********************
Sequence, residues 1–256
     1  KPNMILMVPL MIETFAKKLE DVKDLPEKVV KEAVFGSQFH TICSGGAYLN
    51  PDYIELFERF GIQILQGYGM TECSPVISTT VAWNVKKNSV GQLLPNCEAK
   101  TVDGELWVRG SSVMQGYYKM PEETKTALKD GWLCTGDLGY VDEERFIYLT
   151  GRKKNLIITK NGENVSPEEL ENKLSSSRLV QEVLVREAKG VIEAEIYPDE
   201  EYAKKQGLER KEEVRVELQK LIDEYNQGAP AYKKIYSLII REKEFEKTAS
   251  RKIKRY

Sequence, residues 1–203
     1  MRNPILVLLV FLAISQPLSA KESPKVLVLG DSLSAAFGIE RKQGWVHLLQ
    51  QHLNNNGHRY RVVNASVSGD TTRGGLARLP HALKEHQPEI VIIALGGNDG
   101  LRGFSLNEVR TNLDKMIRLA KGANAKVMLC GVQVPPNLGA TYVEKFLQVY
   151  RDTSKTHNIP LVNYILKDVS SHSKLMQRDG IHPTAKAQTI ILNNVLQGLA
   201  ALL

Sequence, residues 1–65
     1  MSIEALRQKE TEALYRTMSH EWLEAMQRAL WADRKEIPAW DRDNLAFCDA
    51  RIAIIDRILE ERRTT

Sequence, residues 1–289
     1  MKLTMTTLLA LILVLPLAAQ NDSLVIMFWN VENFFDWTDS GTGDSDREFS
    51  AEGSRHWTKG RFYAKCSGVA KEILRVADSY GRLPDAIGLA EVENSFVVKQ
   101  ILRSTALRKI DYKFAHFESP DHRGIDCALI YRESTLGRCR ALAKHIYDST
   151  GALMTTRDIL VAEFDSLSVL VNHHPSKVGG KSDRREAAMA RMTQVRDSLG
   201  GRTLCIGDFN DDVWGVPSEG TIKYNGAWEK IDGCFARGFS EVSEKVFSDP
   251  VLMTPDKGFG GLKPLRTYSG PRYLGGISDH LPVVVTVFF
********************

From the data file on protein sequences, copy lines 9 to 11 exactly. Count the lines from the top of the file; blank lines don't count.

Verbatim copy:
     1  MRNPILVLLV FLAISQPLSA KESPKVLVLG DSLSAAFGIE RKQGWVHLLQ
    51  QHLNNNGHRY RVVNASVSGD TTRGGLARLP HALKEHQPEI VIIALGGNDG
   101  LRGFSLNEVR TNLDKMIRLA KGANAKVMLC GVQVPPNLGA TYVEKFLQVY